Pet owners be aware: cats, dogs and especially bunnies, chicks and ducklings are at risk every Easter.
— Easter lilies can cause kidney failure in cats; small amounts of the plant are fatal.
— Candy containing chocolate and candy wrappers should be kept safe from dogs and all other pets. Peanut butter candies may contain xylitol, which is also toxic to dogs.
— Giving live animals in the Easter basket is not a good idea. Easter is a killer for bunnies, chicks and ducklings.
Rabbits make poor pets for small children. Most rabbits do not like to be picked up and held and may scratch or bite in an effort to get free or be injured when dropped. The typical “Easter bunnies” illegally sold on the streets or in pet stores are usually babies, taken from their mothers before they are properly weaned. They will die soon after purchase — hardly a fun experience for kids.
Baby chicks and ducks also need a proper environment and diet. Ducklings will drown when left in the bathtub with no way to get out. When they grow up, chicks may turn into roosters that disturb neighbors. In an urban environment where owning them violates zoning laws, many adult chickens end up in animal shelters or are set free into environments where they can’t survive.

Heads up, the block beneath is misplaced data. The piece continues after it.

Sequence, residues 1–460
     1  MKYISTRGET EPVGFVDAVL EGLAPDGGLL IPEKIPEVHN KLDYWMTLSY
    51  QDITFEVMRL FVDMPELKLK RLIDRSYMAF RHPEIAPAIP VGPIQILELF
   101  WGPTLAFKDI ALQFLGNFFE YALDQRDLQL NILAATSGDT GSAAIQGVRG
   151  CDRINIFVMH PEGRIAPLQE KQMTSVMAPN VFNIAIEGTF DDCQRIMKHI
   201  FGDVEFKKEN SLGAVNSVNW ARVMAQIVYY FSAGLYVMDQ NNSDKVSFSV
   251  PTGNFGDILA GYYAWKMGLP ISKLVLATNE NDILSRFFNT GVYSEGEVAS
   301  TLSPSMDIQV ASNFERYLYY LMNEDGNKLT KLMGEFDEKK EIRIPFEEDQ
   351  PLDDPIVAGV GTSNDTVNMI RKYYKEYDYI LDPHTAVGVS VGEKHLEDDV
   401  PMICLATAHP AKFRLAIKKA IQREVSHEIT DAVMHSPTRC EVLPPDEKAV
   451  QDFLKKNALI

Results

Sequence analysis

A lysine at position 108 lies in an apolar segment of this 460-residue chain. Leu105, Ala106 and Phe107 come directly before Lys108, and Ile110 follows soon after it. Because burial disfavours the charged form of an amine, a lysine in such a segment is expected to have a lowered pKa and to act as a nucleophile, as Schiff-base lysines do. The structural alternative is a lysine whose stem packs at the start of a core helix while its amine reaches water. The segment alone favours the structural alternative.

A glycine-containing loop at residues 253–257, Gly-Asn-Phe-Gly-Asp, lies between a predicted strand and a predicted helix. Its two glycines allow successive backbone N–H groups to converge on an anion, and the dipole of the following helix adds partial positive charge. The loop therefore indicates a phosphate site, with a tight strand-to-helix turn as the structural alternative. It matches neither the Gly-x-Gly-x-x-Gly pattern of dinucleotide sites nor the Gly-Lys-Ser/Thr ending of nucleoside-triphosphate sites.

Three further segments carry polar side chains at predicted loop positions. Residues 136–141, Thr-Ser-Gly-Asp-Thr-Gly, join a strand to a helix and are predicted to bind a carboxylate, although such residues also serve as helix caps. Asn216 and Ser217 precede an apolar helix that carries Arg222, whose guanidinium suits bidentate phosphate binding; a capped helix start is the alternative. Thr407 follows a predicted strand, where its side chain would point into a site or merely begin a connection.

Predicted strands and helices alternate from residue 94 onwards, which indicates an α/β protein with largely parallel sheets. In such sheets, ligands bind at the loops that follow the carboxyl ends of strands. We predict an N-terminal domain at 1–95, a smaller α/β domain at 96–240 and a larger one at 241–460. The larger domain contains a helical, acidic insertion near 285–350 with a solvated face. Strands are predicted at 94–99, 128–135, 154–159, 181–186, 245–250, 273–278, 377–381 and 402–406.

Michelle Kelly of Los Angeles Rabbit Foundation emphasizes, “Before adopting any animal, it’s critical to learn about proper care in advance. Buying an animal on impulse is irresponsible and can result in injury or death to the animal and a negative experience for our children. Instead, we can create a positive experience by fostering or volunteering for reputable rescues such as Los Angeles Rabbit Foundation, prior to adoption.”
Recommendations For Easter:
A stuffed toy bunny or chick is a safer option than a real rabbit (or any live animal) for snuggling. Chocolate candy rabbits and eggs are usually a big hit in the Easter basket.
Rabbit Specific Care:
It’s important to learn about basic rabbit care before acquiring a bunny. If a rabbit is the right pet for your family, adopt or foster from an organization that spays/neuters, vaccinates for Rabbit Hemorrhagic Disease and house-trains the rabbits, and can tell you about their behavior.
Rabbits make wonderful companion animals in the home. They’re intelligent, social, learn to use a litter (hay) box and make ideal apartment pets. But it’s critical to know what you’re getting into with a rabbit. They chew and veterinary bills can be high. Fostering is an excellent way to find out what it’s like to live with a rabbit, without making a long-term commitment, and helps save many lives.
Emergency Care for Pets:
Keep your regular veterinary clinic and a local 24/7 emergency veterinary clinic numbers and addresses handy for pet emergencies. ASPCA Poison Control: (888) 426-4435.
For more information, visit www.larabbits.org.